The People’s Republic of Cambridge was rocked by a recent screening of a new movie about one of Russia’s greatest music stars from the punk era: Viktor Tsoi.
The story of Tsoi’s initial breakthrough is depicted in “Leto,” a new historical dramatic film by Russian Jewish director Kirill Serebrennikov. Released nationwide in June, “Leto” had multiple screenings at Harvard Square’s Brattle Theatre in August. The film has previously screened at venues including the Miami Jewish Film Festival this January and the Jerusalem Film Festival last year. It made its debut at the Cannes Film Festival in 2018.
Before Tsoi’s untimely death in a car accident in 1990, he had achieved meteoric success. Influenced by punk and New Wave bands, from David Bowie to the Sex Pistols, Tsoi and his band, Kino, inspired a fandom across the Soviet Union with pulsating hits that continue to be played today.
“I had read a great deal of buzz about ‘Leto’ coming from the Cannes Film Festival, but it wasn’t until I stumbled on it later that summer at the Jerusalem Film Festival that I was able to experience firsthand what a wild, whirling and exhilarating film experience it truly was,” wrote Igor Shteyrenberg, director of the Miami Jewish Film Festival, in an email. “It goes without saying how thrilled we were to share this tremendous film with our community of film lovers, who had an overwhelmingly positive response to it.”
This is an opportune time for cinematic retrospectives on music, from “Bohemian Rhapsody” to “Blinded by the Light.” Yet while Western audiences are familiar with Freddie Mercury and Bruce Springsteen, “Leto” tells a story that is lesser known but just as compelling.
The film depicts Tsoi, who was born in 1962 of Korean and Russian descent, making his way to success in Leningrad in 1981. According to the film, Tsoi benefited from his friendship with, and guidance from, fellow Russian musician Mike Naumenko in an era of big hair and big dreams—and big challenges. The Soviet regime of Leonid Brezhnev made it difficult to be a nonconformist star, with rock clubs censoring lyrics and determining which musicians could—and could not—perform. The film, shot in sweeping black-and-white cinematography evocative of Alfonso Cuarón’s “Roma,” is influenced by the real-life remembrances of Naumenko’s wife, Natalia Naumenko, and by the book “Viktor Tsoy: The Last Hero of Modern Myth” by V. N. Kalgin.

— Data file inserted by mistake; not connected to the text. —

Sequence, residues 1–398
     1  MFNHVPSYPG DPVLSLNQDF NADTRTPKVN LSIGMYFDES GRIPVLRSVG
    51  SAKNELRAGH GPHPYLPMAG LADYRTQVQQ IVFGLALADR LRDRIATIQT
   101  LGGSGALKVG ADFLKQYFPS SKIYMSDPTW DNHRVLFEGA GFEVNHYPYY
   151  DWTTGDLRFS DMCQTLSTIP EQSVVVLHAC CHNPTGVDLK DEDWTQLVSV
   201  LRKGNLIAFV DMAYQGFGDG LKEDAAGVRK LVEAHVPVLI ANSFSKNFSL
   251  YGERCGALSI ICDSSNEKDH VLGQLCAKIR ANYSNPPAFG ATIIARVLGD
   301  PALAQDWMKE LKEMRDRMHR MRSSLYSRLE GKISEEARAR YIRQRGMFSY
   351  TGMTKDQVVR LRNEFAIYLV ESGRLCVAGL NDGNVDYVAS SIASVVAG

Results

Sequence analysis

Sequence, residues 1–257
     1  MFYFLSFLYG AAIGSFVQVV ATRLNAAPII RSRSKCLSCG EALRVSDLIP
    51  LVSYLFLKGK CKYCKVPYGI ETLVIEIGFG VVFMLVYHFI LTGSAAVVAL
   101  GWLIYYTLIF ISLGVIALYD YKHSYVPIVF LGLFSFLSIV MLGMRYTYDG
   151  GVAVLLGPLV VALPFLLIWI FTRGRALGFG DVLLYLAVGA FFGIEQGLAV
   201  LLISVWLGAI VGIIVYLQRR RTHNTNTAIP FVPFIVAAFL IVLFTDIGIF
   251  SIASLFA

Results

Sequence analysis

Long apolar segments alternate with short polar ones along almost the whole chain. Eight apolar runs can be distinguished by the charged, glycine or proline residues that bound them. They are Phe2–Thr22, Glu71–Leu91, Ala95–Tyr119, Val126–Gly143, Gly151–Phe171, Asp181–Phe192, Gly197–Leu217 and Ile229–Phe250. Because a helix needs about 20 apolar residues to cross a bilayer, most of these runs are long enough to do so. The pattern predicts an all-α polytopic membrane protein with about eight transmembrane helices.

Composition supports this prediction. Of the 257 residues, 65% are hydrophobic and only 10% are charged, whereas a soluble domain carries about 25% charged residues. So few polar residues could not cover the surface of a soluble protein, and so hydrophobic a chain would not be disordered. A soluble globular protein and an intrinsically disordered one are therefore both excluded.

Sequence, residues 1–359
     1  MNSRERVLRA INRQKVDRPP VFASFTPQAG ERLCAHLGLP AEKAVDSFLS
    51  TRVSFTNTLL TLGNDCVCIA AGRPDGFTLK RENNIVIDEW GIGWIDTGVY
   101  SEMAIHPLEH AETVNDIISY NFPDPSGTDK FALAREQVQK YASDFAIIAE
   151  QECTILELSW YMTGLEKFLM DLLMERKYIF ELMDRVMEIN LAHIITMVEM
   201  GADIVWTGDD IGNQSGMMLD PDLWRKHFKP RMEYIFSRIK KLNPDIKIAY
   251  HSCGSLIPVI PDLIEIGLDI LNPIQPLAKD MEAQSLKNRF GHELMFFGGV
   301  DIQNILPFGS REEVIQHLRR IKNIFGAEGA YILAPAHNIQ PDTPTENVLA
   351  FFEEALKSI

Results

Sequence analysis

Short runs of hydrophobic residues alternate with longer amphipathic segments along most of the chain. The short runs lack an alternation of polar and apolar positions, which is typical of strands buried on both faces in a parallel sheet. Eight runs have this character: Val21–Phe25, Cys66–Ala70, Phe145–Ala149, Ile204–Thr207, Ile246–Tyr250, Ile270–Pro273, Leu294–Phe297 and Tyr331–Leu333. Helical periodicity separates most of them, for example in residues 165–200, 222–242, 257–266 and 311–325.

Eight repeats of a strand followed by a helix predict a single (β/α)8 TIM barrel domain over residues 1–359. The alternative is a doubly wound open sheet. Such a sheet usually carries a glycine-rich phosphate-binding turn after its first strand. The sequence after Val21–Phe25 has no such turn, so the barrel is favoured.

“Leto” received a positive review from Arlington resident Sergey Kuzmenko, who was born in Kiev into a family of both Jewish and Ukrainian Orthodox Christian background and grew up watching Tsoi on TV. Kuzmenko’s resemblance to Tsoi in both looks and music earned him gigs at clubs and a role in a 2011 Russian film, “Tent-show” by Sergey Loban.
His character in “Tent-show” was “a lookalike trying to become like Viktor Tsoi,” Kuzmenko said. “The production was very philosophical,” with a message that even though Kuzmenko’s character might sing and look like Tsoi, the musician was unique, as was the case with other stars of his era. Although “there will always be lookalikes,” Kuzmenko said, “no one can replace Michael Jackson, Freddie Mercury [or] Viktor Tsoi.”
Kuzmenko tried out for the role of Tsoi in “Leto” but lost out to Korean actor Teo Yoo.
“Of course, he does not look like [Tsoi] exactly, but the way he behaved [in the film] is, I think, pretty close to the way [Tsoi] would have actually behaved,” Kuzmenko said, calling the movie “a good film” and describing Serebrennikov as “a talented director.”
Fans of punk and New Wave will see images of their idols on LPs smuggled into the Soviet Union: Bowie and Blondie, Lou Reed and T. Rex. The music of the era is also reflected in phantasmagorical song sequences involving hits such as “Psycho Killer” by the Talking Heads and Bowie’s “All the Young Dudes.” Illustrations by Naumenko—from astronauts to angels—accompany the cast as they dance through trains, into trolley cars and up staircases.
While the film does not play the music of Bob Dylan, he is mentioned multiple times, including in one scene when he is discussed admiringly for his social messages, from protesting the Vietnam War to calling for racial equality.
The film also features diverse selections from Tsoi’s career to show what made him such a star, from the bouncy “Aluminium Cucumbers” to the somber “A Tree.” Naumenko’s work is represented as well, including the spirited title song, which means “Summer” and gets an acoustic outdoor performance. Naumenko has a band of his own, Zoopark, but he’s not too busy to give guidance to the younger Tsoi, helping his protege with lyrics and providing backup on electric guitar for Tsoi’s debut at a Leningrad rock club.
The music is so good that it threatens to upstage the drama between Tsoi, Naumenko and Natalia. Naumenko tries to balance his music career with being a husband and father to baby Genia, but Natalia becomes intrigued by the more charismatic Tsoi and a love triangle develops.
The backdrop to the personal drama is the tension of the Soviet state, which could erupt into violence at any moment, including an official beating a band member for promoting music that is allegedly anti-Soviet and pro-American. Following the bloody assault, the band member sings “Psycho Killer,” a scene that re-envisions the song as a statement against totalitarianism.
Director Serebrennikov has tangled with the present-day Russian government of Vladimir Putin. In 2017, Serebrennikov, a critic of Putin, was charged with embezzling government funds from his Gogol Theater in Moscow and placed under house arrest, which was where he finished making “Leto.” He was released from house arrest earlier this year.
Serebrennikov’s film brings light to music once held behind the opacity of the Iron Curtain. It illuminates an era of creativity and defiance, despite restrictions of the state, through the power of rock.